TUMBY BAY - I was lucky in high school because I had a succession of very good English teachers.
Their presence made the experience bearable as I grappled with all the other banal subjects on offer.
I can’t remember the name of my first year English teacher. He was a younger man and I later ran into him outside Steamies in Port Moresby.
In second year there was the indomitable Mr Wood, who advised me to be cautious about my plans to one day become a kiap.
I ran into him in later life and had the pleasure of telling him that’s exactly what I had done.
In third year there was Mr Crouch, a very tall man with a good sense of humour.
He once chastised me for admitting I didn’t have the foggiest idea what a passage from one of Shakespeare’s plays meant.
He was very suspicious of my creative essays and for a while thought I was a plagiarist.
After he worked out that wasn’t the case he awarded me the school prize for literature in my final year.
During that matriculation year, my English teacher was a Mr Phillips. I remember him particularly well because he introduced us to the age-old literary quandary about the meaning of life.
Why are we here? Please discuss in 500 words or less.
Thanks to Mr Phillips, I’ve been discussing and wondering about that question ever since.
I can’t estimate how many millions of words I’ve dedicated to it, one way or another, over the years.
Now that I’m in my early dotage it still bothers me. I would really like to know what it’s all about before I slip into that final fug of senility.
I’ve explored the hundreds of -isms that claim to have an answer but none of them is satisfying.
Even unsatisfying are the non-secular explanations.
Spending three score and ten years on the planet simply to end up with some hoary old gentleman in a long white beard playing a harp on a fluffy white cloud for eternity doesn’t inspire me at all.
Scientists aren’t much help either. Being just another organism whose sole function is reproduction kind of misses the point. In their view being a sago grub has the same value as being a human being.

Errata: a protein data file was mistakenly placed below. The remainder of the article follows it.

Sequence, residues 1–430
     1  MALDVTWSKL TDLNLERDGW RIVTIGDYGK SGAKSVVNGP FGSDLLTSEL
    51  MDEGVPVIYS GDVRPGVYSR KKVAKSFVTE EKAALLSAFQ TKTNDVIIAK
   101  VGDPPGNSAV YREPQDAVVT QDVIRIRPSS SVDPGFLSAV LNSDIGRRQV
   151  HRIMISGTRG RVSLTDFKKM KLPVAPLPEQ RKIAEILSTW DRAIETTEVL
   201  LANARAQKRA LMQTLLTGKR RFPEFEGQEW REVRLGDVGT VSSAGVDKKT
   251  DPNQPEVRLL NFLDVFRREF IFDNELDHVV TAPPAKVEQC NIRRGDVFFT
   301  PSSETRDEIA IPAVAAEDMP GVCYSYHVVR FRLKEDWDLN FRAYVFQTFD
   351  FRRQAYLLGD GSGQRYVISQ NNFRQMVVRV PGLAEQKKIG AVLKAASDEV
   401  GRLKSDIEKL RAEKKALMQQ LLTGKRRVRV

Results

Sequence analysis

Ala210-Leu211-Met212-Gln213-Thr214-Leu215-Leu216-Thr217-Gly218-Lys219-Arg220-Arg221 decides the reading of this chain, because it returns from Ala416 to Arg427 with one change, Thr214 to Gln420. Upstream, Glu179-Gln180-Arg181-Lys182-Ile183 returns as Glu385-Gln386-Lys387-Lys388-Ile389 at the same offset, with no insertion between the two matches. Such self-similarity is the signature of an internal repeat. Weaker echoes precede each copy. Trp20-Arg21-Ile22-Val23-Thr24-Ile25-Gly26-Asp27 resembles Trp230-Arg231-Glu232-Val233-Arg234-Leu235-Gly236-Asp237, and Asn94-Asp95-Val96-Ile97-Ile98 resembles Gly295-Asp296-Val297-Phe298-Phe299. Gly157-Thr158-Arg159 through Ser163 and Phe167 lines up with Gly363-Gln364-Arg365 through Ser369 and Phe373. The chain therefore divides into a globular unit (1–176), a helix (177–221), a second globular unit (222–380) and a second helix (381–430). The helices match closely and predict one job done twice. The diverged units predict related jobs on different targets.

So too is the humanist view that we are here to care for each other and all of nature’s creatures, including sago grubs.
That’s well and good but it doesn’t answer the question about why?
As for the poets, their take on the matter ranges from sugar-coated silliness to the downright scary and everything in between.
For poets the question is their bread and butter and they’ve got no intention of letting go of such a golden goose by providing a definitive answer.
In all truth I’d be happy to accept that the answer to the question doesn’t exist because we are simply a product of happenstance and our presence on the planet is irrelevant and meaningless.
However, when I walk the dogs up in the hills or along the beach I cannot help but think our little planet is a wondrous place that really should have meaning.
And then I think about all the hideous damage humanity has done to it and why I fled to this little community on the west coast of South Australia to get away from it all.
If there is any meaning to the existence of human life it certainly hasn’t got anything to do with our greedy and destructive nature.
And it certainly hasn’t got anything to do with shopping malls stuffed full of junk as many people think and others would have us believe.
What I should have done way back in high school was to ask Mr Phillips what he thought was the meaning of life.
Unfortunately I was a pimply teenager and the idea didn’t occur to me at the time.
In The Hitchhiker's Guide to the Galaxy by Douglas Adams, the answer to ‘the ultimate question of life, the universe, and everything’ is calculated over a period of 7.5 million years by an enormous supercomputer named Deep Thought.
Deep Thought pointed out that the answer seems meaningless because the beings who instructed it never knew what the question was.
I guess that’s as good as we’re going to get.